Phase-out of methyl bromide is seen as the last big political hurdle to agreement on a revised EU regulation on the whole range of ozone-depleting chemicals, which the Austrian government is keen to achieve under its EU presidency. The amendment would mean EU controls on ozone depleters remaining the toughest in the world.
The split over methyl bromide became evident at ministers' last meeting in October (ENDS Daily 7 October). Northern EU countries supported the European Commission's proposal of a 2001 deadline, but Spain, Greece, Italy, Portugal and France called for a delay. The EU crop protection industry recently reiterated its support for a delay following a decision by the USA to relax the country's 2001 deadline for methyl bromide (ENDS Daily 17 November).
According to sources, southern EU states are now calling for a general phase-out deadline of 2003, with the potential to continue producing limited amounts up to 2005 for "exempted critical uses". An Austrian compromise paper recently put to diplomats was reportedly rejected by both northern and southern countries.
Another politically charged issue is a proposal to restrict production of hydrochlorofluorocarbons (HCFCs), which have been widely adopted as substitutes for CFCs. A significant proportion of HCFCs produced in industrialised countries is exported to developing countries. By requiring a gradual end to their manufacture the EU hopes to send a strong signal to the USA and Japan that it is time to end global dependence on the chemicals.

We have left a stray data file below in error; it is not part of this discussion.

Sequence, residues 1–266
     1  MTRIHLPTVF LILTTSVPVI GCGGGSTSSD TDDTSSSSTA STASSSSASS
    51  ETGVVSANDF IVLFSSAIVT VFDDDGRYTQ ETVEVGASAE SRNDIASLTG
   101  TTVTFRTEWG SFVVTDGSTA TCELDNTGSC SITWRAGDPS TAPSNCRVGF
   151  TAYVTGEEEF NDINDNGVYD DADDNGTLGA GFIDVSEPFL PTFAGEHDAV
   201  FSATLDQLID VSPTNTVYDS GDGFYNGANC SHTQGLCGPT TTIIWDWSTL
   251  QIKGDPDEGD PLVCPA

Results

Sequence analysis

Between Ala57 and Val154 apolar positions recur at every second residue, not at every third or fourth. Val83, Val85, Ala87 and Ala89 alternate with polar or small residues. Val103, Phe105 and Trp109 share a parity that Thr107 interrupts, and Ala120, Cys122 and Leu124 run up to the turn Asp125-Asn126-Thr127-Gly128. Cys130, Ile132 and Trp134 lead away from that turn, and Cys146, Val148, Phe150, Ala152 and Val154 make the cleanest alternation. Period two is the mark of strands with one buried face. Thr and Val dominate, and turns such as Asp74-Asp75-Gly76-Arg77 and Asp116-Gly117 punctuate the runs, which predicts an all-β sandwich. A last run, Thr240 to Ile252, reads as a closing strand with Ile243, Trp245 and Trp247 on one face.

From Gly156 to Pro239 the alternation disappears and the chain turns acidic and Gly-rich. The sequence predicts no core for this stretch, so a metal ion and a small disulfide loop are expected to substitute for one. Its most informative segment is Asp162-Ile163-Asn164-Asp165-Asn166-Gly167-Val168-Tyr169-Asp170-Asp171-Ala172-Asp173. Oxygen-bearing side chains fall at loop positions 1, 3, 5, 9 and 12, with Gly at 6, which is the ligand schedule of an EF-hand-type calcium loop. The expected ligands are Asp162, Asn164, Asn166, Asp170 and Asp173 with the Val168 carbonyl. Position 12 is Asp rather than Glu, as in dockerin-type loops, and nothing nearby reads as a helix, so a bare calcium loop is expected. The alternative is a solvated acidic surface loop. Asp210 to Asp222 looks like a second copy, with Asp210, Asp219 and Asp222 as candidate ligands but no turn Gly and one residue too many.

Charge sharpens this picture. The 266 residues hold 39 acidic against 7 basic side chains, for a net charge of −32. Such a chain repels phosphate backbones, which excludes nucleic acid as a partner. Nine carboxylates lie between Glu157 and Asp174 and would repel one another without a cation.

However, industry groups and some governments feel that the EU is being politically naive in assuming that the USA and Japan will follow its lead rather than take advantage of the EU's absence as a global HCFC player. ENDS Daily understands that diplomats are hoping that this debate has been resolved by including a review mechanism.
A further issue is a proposal to introduce a ban on the use of CFCs and some other substances, which is due to apply as soon as the revised regulation enters into force. In effect, the ban would mean that anyone with equipment containing CFCs would have to invest in a replacement rather than keep it going with top-ups. The UK and some other countries are arguing for military equipment to be exempted from the ban.
EU Council of Ministers, tel: +32 2 285 6111.
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